Is Android Giving Google An Unfair Advantage?

    April 9, 2013
    Chris Crum, the organization made up of Google competitors mostly in (but not limited to) the the travel industry, has filed a new complaint with the EU. The angle this time is Android, which the coalition has deemed “a deceptive way to build advantages for key Google apps in 70 percent of the smartphones shipped today”.

Do you think Android gives Google an unfair advantage in search? Share your thoughts in the comments.

FairSearch says: has filed a complaint with the European Commission laying out Google’s anti-competitive strategy to dominate the mobile marketplace and cement its control over consumer Internet data for online advertising as usage shifts to mobile.

“Google is using its Android mobile operating system as a ‘Trojan Horse’ to deceive partners, monopolize the mobile marketplace, and control consumer data,” said Thomas Vinje, Brussels-based counsel to the FairSearch coalition. “We are asking the Commission to move quickly and decisively to protect competition and innovation in this critical market. Failure to act will only embolden Google to repeat its desktop abuses of dominance as consumers increasingly turn to a mobile platform dominated by Google’s Android operating system.”

The organization continues, “Google achieved its dominance in the smartphone operating system market by giving Android to device-makers for ‘free.’ But in reality, Android phone makers who want to include must-have Google apps such as Maps, YouTube or Play are required to pre-load an entire suite of Google mobile services and to give them prominent default placement on the phone, the complaint says. This disadvantages other providers, and puts Google’s Android in control of consumer data on a majority of smartphones shipped today.”

FairSearch goes on to call Google’s distribution of Android “predatory”.

The New York Times reports that EU antitrust chief Joaquin Almunia said he’s receiving proposals from Google this week aimed at clearing up concerns about search practices, as he has been leading an investigation into them. The Times says he’s not commenting on the Android complaint from FairSearch, but noted that the EU has been looking into Android separately.

The timing of this complaint from FairSearch is interesting, given that just days ago, Facebook introduced the Android-specific “Facebook Home,” which lets Android users have a Facebook app that dominates the device, and pushes everything else (including Google apps and even search) into the background. Clearly some Google competitors are not only finding ways to compete on Android, but are even making the basis for their new mobile strategies Android-specific.

Even if Facebook Home doesn’t directly compete in search right now, Mark Zuckerberg has indicated that Graph Search will make its way to the product in time. Remember, that hasn’t even rolled out to mobile yet. It’s also worth noting that vertical search services, particularly on mobile, have already shown they can chip away at Google searches. Facebook, for that matter, recently renamed the “Nearby” feature in its mobile app to “Local Search”.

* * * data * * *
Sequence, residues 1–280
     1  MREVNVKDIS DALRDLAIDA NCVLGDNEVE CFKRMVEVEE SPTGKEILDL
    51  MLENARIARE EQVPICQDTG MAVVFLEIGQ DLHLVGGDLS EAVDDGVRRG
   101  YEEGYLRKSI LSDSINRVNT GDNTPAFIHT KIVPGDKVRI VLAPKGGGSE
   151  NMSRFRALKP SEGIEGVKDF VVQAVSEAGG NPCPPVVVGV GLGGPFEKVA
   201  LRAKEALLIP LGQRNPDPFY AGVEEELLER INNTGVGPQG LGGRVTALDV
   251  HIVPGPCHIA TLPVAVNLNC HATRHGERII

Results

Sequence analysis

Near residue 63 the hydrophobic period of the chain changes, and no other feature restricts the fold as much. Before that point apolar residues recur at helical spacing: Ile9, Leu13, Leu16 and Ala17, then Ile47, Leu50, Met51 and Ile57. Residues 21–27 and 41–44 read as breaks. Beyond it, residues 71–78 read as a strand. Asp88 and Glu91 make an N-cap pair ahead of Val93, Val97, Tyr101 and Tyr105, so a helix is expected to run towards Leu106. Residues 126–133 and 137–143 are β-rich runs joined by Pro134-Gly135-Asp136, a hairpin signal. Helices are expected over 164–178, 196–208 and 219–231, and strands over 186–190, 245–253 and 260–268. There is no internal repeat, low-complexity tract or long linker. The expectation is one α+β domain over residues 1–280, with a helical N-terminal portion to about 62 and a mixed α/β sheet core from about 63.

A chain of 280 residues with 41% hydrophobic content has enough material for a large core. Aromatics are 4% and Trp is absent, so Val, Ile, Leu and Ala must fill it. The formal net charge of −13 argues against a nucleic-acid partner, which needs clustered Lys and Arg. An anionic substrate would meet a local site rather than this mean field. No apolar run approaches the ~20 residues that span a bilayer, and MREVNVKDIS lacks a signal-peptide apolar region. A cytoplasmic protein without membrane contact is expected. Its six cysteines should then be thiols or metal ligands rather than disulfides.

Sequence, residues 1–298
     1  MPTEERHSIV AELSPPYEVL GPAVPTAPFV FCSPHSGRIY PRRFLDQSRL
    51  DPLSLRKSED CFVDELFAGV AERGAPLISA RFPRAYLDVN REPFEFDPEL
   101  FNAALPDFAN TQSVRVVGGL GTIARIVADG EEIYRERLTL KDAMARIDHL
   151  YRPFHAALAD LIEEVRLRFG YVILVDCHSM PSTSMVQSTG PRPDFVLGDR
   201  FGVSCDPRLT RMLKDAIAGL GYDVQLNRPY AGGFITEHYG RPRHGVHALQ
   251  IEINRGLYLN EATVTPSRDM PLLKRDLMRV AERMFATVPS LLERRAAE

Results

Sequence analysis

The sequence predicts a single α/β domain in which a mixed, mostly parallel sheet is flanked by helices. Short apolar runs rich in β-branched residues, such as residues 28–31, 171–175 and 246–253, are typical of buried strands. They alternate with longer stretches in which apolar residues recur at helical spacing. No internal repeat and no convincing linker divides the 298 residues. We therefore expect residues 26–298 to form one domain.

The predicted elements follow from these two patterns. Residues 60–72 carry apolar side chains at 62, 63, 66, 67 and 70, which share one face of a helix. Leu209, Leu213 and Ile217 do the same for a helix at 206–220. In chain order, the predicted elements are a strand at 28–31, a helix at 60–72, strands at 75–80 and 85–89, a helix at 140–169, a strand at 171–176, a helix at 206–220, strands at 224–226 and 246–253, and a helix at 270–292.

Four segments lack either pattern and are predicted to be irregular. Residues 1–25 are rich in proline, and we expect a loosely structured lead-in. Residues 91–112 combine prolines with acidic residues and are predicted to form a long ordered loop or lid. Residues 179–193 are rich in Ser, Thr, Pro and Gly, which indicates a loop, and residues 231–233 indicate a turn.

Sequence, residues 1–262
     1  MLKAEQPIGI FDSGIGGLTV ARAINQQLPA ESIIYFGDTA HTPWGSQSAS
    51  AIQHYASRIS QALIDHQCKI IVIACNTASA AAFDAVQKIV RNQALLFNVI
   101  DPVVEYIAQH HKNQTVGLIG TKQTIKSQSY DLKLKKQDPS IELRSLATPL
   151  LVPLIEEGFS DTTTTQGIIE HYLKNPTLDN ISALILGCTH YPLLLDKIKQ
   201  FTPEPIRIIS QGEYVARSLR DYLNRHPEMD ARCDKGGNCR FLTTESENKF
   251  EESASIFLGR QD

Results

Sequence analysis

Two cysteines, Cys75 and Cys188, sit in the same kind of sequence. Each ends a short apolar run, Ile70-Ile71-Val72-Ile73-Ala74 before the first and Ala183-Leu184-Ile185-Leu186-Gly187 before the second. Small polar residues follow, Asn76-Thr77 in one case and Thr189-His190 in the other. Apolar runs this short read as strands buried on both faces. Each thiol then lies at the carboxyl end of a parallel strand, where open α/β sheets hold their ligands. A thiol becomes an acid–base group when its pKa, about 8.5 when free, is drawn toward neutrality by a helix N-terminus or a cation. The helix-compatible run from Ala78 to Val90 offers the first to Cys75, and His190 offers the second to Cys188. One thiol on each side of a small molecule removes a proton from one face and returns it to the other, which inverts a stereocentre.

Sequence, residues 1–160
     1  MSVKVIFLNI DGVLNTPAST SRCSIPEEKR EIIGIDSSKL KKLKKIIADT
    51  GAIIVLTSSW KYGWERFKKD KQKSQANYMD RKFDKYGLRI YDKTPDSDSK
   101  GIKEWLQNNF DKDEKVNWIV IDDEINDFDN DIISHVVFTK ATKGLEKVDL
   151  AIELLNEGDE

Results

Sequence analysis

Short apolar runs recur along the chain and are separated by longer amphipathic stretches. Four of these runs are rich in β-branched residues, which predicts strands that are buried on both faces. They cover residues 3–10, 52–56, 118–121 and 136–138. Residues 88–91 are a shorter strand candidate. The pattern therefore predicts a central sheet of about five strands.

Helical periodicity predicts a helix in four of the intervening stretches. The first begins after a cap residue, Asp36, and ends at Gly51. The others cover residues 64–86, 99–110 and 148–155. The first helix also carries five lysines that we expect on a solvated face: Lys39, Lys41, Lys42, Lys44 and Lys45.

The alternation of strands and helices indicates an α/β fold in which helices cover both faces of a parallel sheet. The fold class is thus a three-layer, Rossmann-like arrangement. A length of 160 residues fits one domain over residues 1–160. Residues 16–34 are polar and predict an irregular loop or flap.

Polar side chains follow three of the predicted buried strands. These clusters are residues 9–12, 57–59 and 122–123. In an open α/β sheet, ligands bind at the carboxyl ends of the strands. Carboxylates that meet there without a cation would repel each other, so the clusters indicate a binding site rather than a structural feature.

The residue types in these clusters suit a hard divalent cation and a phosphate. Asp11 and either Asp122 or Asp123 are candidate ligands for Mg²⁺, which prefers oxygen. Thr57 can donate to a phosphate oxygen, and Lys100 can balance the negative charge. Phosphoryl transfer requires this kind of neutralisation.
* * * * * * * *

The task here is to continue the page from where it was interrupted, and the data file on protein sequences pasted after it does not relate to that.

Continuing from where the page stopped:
Amazon, which is arguably Google’s biggest competitor outside of Microsoft, also uses Android to its own benefit. It is the basis for the operating system upon which its Kindle Fire devices run. Amazon has taken advantage of Google’s “open” Android platform to even build its own app store, independent of Google Play. It is this “open” nature of Android, which Zuckerberg specifically praised during a press event introducing Facebook Home.

So, one way to look at Android’s effect on competition is that it directly enables competitors to take on Google with their own offerings.

FairSearch consists of 17 companies whose members including Microsoft, Oracle, Expedia, Nokia, and TripAdvisor. Microsoft, by the way, isn’t very happy about Facebook Home either. Considering Bing’s partnership with Facebook, perhaps that will change once Graph Search makes its way to it.

Meanwhile, Microsoft just kicked off a new “Scroogled” campaign against Google. In other iterations, Microsoft has attacked Google Shopping in Gmail. This time it’s none other than Android, but not for the same reasons highlighted in its EU complaint. The Scroogled campaign aims to convince consumers that there are privacy concerns when using Android, and specifically the Google Play store.

“When you buy an Android app from the Google app store, they give the app maker your full name, email address and the neighborhood where you live. This occurs without clear warning every single time you buy an app,” the campaign goes. “If you can’t trust Google’s app store, how can you trust them for anything?”

I wonder if that goes for any of the initiatives that the two companies have partnered on together.

Is Google as evil as Microsoft makes it out to be? Is Android specifically? Let us know what you think.


Chris Crum
Chris Crum has been a part of the WebProNews team and the iEntry Network of B2B Publications since 2003. Follow Chris on Twitter, on StumbleUpon, on Pinterest and/or on Google: +Chris Crum.